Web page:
In a space that used to be a cemetery greenhouse, local artist Cooper Sanchez has established a temporary outdoor art gallery. It’s a garden under an invisible roof, filled with orange and yellow cosmos, moonflowers, and giant castor beans—plants that will perform well in the dark. Although most of us just sneak into the cemetery to see it at night, this specially grown space has been cultivated for an official one-night art show tucked inside an extraordinary context (Friday, October 9, from 7-11PM). What a treat….
Cooper Sanchez is not just an artist, he’s a gardener who has been employed to help restore Historic Oakland Cemetery from the destruction of a 2008 tornado. His mentor, Brooks Garcia, has the contract with the cemetery; together they added over 3,000 plants to the grounds. Tending to graves, Sanchez was embedded in this environment for over a year and a half. The time spent there inspired him to make a body of work and display it in the disappeared greenhouse.
Having worked with authority figures to make it a reality, Sanchez presents paintings outside and 30 cyanotypes (sun photography) on lightboxes arranged in a small brick storage area adjacent to the greenhouse. The prints are made from clippings he collected from his own meadow in Clarkston—all plant life at the end of the growing cycle. The complex symbology of headstone imagery is also a source for his artwork. Sanchez says of the carved botanical references that abound: “without exception, they all mean something.”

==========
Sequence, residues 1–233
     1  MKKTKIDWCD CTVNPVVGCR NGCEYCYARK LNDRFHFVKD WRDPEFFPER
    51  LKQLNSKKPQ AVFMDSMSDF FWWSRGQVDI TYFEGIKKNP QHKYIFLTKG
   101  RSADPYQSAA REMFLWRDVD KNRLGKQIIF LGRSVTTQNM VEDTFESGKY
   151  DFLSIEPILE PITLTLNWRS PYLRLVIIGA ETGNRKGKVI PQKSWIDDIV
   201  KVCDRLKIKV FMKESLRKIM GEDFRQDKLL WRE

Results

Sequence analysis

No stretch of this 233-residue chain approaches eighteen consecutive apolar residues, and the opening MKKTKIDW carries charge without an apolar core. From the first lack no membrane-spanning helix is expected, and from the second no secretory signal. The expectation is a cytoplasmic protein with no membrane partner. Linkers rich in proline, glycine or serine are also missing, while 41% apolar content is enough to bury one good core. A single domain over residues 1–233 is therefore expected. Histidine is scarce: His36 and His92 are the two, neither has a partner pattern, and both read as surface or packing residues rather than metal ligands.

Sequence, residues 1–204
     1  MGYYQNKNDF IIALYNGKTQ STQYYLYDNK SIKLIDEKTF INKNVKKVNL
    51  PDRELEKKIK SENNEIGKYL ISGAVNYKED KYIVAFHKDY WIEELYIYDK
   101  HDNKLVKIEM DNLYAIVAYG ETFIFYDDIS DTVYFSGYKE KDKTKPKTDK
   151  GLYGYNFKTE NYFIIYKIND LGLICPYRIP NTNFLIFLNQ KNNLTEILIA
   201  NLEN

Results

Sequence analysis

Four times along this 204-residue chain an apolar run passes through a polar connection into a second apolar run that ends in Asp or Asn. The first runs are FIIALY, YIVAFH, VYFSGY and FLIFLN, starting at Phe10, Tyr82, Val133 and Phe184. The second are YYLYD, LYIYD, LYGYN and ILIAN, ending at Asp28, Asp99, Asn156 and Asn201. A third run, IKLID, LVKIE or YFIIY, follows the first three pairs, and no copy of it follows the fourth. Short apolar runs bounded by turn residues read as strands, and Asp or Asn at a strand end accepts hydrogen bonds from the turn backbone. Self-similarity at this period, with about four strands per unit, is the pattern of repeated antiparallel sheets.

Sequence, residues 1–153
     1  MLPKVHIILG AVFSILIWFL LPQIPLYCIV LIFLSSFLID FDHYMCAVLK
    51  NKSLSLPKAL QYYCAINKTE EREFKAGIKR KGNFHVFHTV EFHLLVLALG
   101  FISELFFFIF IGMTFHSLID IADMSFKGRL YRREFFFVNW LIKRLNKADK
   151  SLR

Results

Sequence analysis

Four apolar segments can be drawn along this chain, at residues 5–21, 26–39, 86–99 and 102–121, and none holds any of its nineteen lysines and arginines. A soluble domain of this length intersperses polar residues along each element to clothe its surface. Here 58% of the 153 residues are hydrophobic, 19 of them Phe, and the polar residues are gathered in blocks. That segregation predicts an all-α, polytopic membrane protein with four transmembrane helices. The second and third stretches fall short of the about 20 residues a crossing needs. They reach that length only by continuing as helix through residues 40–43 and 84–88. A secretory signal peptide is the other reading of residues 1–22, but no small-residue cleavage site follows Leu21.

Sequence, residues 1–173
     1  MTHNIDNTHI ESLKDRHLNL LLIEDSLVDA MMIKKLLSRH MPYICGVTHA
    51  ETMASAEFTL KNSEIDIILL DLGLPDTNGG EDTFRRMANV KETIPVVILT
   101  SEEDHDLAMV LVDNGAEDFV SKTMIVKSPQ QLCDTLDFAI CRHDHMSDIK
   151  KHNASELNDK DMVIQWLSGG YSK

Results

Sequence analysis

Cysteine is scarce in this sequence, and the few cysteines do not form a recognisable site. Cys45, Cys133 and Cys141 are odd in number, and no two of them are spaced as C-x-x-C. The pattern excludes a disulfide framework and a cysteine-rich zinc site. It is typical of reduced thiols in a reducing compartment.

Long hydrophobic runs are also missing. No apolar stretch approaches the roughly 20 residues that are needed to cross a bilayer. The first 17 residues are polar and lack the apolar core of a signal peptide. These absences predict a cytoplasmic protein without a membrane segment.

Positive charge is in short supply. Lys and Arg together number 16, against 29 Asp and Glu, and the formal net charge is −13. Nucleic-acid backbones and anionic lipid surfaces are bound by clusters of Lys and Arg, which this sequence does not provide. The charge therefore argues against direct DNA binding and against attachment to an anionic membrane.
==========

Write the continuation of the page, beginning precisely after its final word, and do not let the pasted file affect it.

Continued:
In addition to the two-dimensional artwork that will be included in Oakland: In the Greenhouse Ruins, Sanchez intends to plow two acres of Potter’s Field to make a public wildflower meadow, which he has also received permission to do. Unbeknownst to most neighbors and visitors who play Frisbee and let their dogs run in this open green space, Potter’s Field is the burial site of more than 7,500 bodies. The “indigent” citizens resting here were slaves, convicts, insane, or just plain poor. At Oakland, plots were sold out by 1884; back then, if one’s family did not own a lot, burial occurred in Potter’s Field, where no differences of religion and race ever mattered. A single monument commemorates them all, an inspiring model for contemporary cemetery design.
Urban cemeteries are not just spaces for the families and friends of the loved ones buried there. They provide precious, though often solemn, green spaces, and are places to contemplate history as well as mortality in a general sense. This innovative art show is indeed faithful to the Victorian intention that the living should enjoy cemeteries.
A one-night-only event, Oakland: In the Greenhouse Ruins will be on view in Historic Oakland Cemetery on Friday, October 9, from 7-11PM. Park at Six Feet Under or Ria’s Bluebird and access the cemetery via the Memorial Drive entrance.